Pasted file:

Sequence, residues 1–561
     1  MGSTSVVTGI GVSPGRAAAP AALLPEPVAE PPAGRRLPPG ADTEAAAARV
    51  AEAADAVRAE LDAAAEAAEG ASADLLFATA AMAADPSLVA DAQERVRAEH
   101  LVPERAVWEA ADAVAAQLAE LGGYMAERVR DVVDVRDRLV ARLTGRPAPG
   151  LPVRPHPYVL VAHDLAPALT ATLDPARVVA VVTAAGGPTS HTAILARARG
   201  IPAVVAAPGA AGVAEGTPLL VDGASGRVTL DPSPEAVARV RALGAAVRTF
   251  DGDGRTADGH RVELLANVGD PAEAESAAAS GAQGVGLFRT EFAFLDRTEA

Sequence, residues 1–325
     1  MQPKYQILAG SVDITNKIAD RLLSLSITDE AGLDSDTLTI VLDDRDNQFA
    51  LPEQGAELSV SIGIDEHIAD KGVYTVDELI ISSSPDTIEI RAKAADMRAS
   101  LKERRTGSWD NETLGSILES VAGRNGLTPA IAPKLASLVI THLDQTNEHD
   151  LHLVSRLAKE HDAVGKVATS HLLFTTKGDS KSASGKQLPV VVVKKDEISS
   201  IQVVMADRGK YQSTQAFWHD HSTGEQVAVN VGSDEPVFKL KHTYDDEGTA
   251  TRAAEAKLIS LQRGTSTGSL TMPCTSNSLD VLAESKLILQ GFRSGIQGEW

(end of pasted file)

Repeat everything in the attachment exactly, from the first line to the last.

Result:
Sequence, residues 1–561
     1  MGSTSVVTGI GVSPGRAAAP AALLPEPVAE PPAGRRLPPG ADTEAAAARV
    51  AEAADAVRAE LDAAAEAAEG ASADLLFATA AMAADPSLVA DAQERVRAEH
   101  LVPERAVWEA ADAVAAQLAE LGGYMAERVR DVVDVRDRLV ARLTGRPAPG
   151  LPVRPHPYVL VAHDLAPALT ATLDPARVVA VVTAAGGPTS HTAILARARG
   201  IPAVVAAPGA AGVAEGTPLL VDGASGRVTL DPSPEAVARV RALGAAVRTF
   251  DGDGRTADGH RVELLANVGD PAEAESAAAS GAQGVGLFRT EFAFLDRTEA

Sequence, residues 1–325
     1  MQPKYQILAG SVDITNKIAD RLLSLSITDE AGLDSDTLTI VLDDRDNQFA
    51  LPEQGAELSV SIGIDEHIAD KGVYTVDELI ISSSPDTIEI RAKAADMRAS
   101  LKERRTGSWD NETLGSILES VAGRNGLTPA IAPKLASLVI THLDQTNEHD
   151  LHLVSRLAKE HDAVGKVATS HLLFTTKGDS KSASGKQLPV VVVKKDEISS
   201  IQVVMADRGK YQSTQAFWHD HSTGEQVAVN VGSDEPVFKL KHTYDDEGTA
   251  TRAAEAKLIS LQRGTSTGSL TMPCTSNSLD VLAESKLILQ GFRSGIQGEW